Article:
Teaching then vs. than
How should we teach our ESL students the difference between “then” and “than”?
For adult ESL students, explain it like this: We use “than” to compare two things. We use “then” if we are describing a series and it relates to time.
You can give them a practice worksheet, too: https://www.worksheetplace.com/mf_pdf/then-vs-than-2.pdf
For kids’ classes, draw a picture of a scale to compare two sizes of things. For example, a mouse and an elephant to show ‘than.’ Use the sentence, ‘first 1 then 2 then 3″ to demonstrate the meaning of ‘then.’
THAN: Sample Sentences
I am smarter than my little brother.
This flower smells nicer than my shoe!
A bird in the hand is better than two in the bush.
Running is healthier than eating french fries.
THEN: Sample Sentences
To teach ‘then,’ you can scaffold the lesson with easy sample sentences and move on to more complicated examples. Here is a good start:
1, then 2, then 3, then 4
I ate, and then I went to sleep
“First comes love, then comes marriage, then comes the baby in the baby carriage.”
Now and then, we all feel sad.
ESL games to teach than versus then
Incorporating fun games can make teaching the difference between “than” and “then to ESL learners more engaging and effective. Here are some ESL games you can use to teach the difference between “than” and “then”:
Prepare a set of sentences that use “than” or “then” incorrectly. Cut the sentences into individual strips and mix them up. Have students work in pairs or small groups to sort the sentences into two categories: “than” and “then.” This activity helps them practice identifying the correct usage in context.
Create flashcards with sentences or phrases using “than” on one side and “then” on the other side. In groups or individually, students should read the sentence and decide whether to place it under the “than” or “then” category. This visual and hands-on approach reinforces the correct usage.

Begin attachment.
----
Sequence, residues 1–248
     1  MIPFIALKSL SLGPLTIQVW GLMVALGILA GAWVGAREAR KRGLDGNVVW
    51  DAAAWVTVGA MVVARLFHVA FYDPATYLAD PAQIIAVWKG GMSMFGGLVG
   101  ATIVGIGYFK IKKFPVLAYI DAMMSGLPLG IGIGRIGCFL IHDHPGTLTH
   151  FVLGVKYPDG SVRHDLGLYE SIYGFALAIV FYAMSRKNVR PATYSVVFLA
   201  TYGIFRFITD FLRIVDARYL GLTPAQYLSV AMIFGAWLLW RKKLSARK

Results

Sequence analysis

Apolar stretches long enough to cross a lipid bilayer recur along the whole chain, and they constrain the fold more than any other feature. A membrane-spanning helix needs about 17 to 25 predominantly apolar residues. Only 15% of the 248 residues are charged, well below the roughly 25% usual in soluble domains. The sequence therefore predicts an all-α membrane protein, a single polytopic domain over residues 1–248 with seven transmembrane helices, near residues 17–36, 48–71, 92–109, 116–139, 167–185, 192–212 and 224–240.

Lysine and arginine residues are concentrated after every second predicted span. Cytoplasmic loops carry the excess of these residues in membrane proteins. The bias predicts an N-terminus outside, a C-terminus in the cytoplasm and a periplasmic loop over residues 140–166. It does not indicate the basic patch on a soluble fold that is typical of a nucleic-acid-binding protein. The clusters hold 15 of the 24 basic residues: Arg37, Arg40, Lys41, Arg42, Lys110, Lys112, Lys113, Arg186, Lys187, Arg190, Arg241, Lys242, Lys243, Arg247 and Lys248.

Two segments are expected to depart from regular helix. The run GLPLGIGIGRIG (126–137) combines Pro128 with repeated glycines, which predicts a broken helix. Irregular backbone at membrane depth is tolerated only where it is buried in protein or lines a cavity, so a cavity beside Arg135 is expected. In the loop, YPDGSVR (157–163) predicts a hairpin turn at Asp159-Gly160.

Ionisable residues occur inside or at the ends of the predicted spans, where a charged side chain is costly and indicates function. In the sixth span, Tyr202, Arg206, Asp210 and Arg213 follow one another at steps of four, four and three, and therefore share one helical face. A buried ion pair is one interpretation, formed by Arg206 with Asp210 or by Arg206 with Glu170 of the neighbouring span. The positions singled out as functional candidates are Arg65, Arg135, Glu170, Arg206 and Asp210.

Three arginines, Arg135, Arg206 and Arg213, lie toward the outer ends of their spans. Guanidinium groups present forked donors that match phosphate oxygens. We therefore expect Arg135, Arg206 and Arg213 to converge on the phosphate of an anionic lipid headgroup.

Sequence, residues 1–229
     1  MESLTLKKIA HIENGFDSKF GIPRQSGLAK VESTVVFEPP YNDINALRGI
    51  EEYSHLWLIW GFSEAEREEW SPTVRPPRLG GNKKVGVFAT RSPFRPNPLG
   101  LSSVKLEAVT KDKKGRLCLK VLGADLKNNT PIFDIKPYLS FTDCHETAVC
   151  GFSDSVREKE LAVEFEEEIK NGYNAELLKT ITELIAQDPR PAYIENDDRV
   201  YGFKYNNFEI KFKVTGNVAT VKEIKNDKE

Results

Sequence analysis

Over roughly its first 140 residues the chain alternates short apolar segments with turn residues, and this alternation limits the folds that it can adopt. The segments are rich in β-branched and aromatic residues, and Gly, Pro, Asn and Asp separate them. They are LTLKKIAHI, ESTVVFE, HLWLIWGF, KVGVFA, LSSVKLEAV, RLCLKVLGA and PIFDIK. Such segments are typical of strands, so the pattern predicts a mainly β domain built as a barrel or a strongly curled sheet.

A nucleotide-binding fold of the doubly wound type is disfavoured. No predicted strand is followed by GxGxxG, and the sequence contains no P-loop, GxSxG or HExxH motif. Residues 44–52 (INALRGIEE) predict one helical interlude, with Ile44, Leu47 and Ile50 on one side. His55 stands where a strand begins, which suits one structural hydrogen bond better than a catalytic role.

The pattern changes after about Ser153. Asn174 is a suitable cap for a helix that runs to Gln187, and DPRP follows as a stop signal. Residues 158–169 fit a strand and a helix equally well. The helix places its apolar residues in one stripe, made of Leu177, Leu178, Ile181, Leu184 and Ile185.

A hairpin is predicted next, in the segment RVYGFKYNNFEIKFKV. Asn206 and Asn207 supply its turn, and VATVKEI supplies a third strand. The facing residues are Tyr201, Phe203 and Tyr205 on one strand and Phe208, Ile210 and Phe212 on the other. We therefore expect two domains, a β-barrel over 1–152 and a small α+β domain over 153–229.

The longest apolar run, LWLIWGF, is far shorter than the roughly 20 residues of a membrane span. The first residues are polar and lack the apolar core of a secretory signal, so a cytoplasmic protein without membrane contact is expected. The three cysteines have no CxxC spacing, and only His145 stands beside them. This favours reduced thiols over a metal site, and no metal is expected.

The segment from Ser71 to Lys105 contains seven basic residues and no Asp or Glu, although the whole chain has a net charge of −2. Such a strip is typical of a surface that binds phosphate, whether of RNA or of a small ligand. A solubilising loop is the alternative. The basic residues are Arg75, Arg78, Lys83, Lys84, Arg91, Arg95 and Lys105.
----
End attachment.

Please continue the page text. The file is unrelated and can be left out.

Error Correction Relay
Prepare a series of sentences, some with correct usage and some with incorrect usage of “than” and “then.” Divide the class into teams and give each team a set of sentences. One student from each team runs to the teacher, reads a sentence, and identifies whether it’s correct or incorrect. If incorrect, the student must correct the mistake before returning to their team and passing the sentence to the next teammate. The first team to finish with the most correct sentences wins.
Divide the class into two teams and draw a large board with a race track on it. Write sentences with blanks on the board, leaving space for “than” or “then.” One student from each team comes to the board and fills in the blank with the correct word. The team that provides the correct word first gets to move their marker along the race track. The first team to reach the finish line wins.
Interactive Online Quizzes
Use online ESL platforms that offer quizzes and exercises related to “than” and “then.” Websites like Kahoot!, Quizlet, and Quia provide ready-made quizzes, or you can create your own. These platforms gamify the learning process and provide immediate feedback to students.
Sentence Building Game:
Provide students with a mix of sentence fragments containing “than” or “then.” Challenge them to work in pairs or small groups to create as many correct sentences as possible using the given fragments. This game encourages creativity and reinforces proper sentence structure.
Have students work in pairs or groups to create short stories. Each story should include a few instances of “than” and “then” used correctly. Afterward, groups can take turns sharing their stories with the class, emphasizing the correct usage of the words.